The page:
We also considered the frequency of affinity-enhancing substitutions conditioned on the corresponding V or J gene. We obtained all sequences and corresponding gene annotations from IMGT/LIGM-DB (the international ImMunoGeneTics information system, Laboratoire d’ImmunoGénétique Moléculaire database) ( as of 13 July 2022. For MEDI8852, MEDI8852 UCA, mAb114 and mAb114 UCA, we used the V and J gene annotations from the original publications29,30. For S309, REGN10987 and C143, we used the V and J gene annotations in CoV-AbDab (,68,69,70,71,72,73,74,75. For a given substitution, we obtained all corresponding V or J protein sequences, performed a multiple sequence alignment with MAFFT version 7.475 and used the resulting alignment to compute amino acid frequencies.

Therapeutic antibody database evaluation and runtime benchmark

We downloaded 742 therapeutically relevant antibodies from the Thera-SAbDab database as of 26 February 2022 ( For each antibody VH and VL sequence, we used the same procedure described above for computing consensus substitutions that have higher language model likelihood than wild-type. We measured the computational runtime using the time module in Python 3.8. Experiments were performed with an Advanced Micro Devices EPYC Rome 7502P 2.5-GHz CPU and an Nvidia Ampere A40 48GB GPU.

Natural protein evaluation and benchmarking based on scanning mutagenesis data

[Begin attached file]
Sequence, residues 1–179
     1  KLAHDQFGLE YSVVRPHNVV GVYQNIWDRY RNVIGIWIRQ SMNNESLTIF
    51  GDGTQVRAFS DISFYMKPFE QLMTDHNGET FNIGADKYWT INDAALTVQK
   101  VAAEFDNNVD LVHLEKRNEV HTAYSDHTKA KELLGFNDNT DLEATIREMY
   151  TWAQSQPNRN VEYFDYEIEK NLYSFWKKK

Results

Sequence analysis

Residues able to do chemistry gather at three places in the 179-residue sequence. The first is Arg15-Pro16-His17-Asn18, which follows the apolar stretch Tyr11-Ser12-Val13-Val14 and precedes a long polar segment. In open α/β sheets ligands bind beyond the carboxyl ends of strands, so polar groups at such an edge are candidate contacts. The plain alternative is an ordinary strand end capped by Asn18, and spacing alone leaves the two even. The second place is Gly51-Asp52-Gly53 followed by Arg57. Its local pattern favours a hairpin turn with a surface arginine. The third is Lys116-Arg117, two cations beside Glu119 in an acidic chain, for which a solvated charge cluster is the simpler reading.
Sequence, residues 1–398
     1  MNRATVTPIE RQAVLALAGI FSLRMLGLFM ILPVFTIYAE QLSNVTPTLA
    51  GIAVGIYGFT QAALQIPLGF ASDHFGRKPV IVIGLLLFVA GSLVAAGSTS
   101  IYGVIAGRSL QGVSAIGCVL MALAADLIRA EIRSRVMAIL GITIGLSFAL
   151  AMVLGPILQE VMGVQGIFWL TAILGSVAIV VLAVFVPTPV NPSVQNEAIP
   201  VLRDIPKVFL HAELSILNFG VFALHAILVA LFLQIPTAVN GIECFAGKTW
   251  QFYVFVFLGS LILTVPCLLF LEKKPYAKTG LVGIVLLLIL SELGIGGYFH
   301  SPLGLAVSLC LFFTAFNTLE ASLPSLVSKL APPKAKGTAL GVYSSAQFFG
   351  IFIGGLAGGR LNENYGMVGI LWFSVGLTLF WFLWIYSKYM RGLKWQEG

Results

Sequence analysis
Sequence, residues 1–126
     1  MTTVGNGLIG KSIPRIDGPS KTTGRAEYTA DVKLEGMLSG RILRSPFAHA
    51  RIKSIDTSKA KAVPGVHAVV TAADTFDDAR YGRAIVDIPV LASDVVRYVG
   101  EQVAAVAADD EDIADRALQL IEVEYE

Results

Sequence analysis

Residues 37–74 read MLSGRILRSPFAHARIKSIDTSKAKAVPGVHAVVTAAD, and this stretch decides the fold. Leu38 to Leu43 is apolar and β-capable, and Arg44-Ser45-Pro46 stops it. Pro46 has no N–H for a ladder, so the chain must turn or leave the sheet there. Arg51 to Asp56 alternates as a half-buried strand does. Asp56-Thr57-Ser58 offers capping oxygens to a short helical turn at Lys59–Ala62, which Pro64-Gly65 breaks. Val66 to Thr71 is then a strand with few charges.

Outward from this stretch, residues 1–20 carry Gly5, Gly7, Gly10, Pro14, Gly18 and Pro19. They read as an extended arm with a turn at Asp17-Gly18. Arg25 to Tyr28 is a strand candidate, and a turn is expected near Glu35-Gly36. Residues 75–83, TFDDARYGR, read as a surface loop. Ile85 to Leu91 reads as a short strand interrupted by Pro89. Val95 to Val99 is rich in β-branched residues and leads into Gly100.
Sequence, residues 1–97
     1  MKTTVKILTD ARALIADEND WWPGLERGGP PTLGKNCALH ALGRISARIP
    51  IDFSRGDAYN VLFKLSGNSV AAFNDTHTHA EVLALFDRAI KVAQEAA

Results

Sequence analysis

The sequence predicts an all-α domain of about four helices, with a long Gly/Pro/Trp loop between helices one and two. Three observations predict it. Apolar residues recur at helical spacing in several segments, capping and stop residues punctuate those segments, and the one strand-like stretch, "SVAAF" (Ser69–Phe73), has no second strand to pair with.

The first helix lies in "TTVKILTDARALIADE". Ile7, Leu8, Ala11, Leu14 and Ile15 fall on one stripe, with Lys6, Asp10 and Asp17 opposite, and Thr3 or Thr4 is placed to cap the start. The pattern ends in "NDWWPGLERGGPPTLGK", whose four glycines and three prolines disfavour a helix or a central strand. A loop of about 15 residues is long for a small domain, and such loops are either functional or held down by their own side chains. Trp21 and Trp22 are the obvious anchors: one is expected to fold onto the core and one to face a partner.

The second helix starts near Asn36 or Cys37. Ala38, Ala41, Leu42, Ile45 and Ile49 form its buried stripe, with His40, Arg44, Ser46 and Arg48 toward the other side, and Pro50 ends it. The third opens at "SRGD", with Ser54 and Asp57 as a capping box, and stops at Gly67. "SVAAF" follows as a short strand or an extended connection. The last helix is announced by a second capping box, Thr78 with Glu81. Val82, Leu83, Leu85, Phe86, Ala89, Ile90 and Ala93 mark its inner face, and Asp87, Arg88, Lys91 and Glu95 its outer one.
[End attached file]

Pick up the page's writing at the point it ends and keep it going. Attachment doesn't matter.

We evaluated the ability for the language models and algorithms used in our study to guide efficient evolution in other settings beyond antibodies. We used deep mutational scanning (DMS) datasets to validate that our approach would enable a researcher to acquire high-fitness variants. We used all DMS datasets from the benchmarking study by Livesey and Marsh48 with 90% or higher coverage of all single-residue substitutions; variants that were not measured were excluded from the analysis. We also used a scanning mutagenesis dataset generated by Markin et al.8 that measured Michaelis–Menten kinetics of all single-site glycine or valine substitutions to the bacterial enzyme PafA; for this dataset, any language-model-recommended substitutions that did not involve glycine or valine substitutions were excluded from the analysis. We applied a cutoff for each dataset to binarize sequences as high-fitness or low-fitness variants (cutoffs are provided in Supplementary Table 13); we then compared enrichment of high-fitness variants among the language-model-recommended variants to the background frequency of high-fitness variants among all single-residue substitutions. For these proteins, as with our antibody experiments, we chose values of k that result in a small number (~101) of acquired substitutions: we used α = 1 and k = 2 for all proteins except those where this resulted in \(|{{{\mathcal{A}}}}|\) ≤5, in which case we set k = 1 (and additionally α = 0.5 for infA).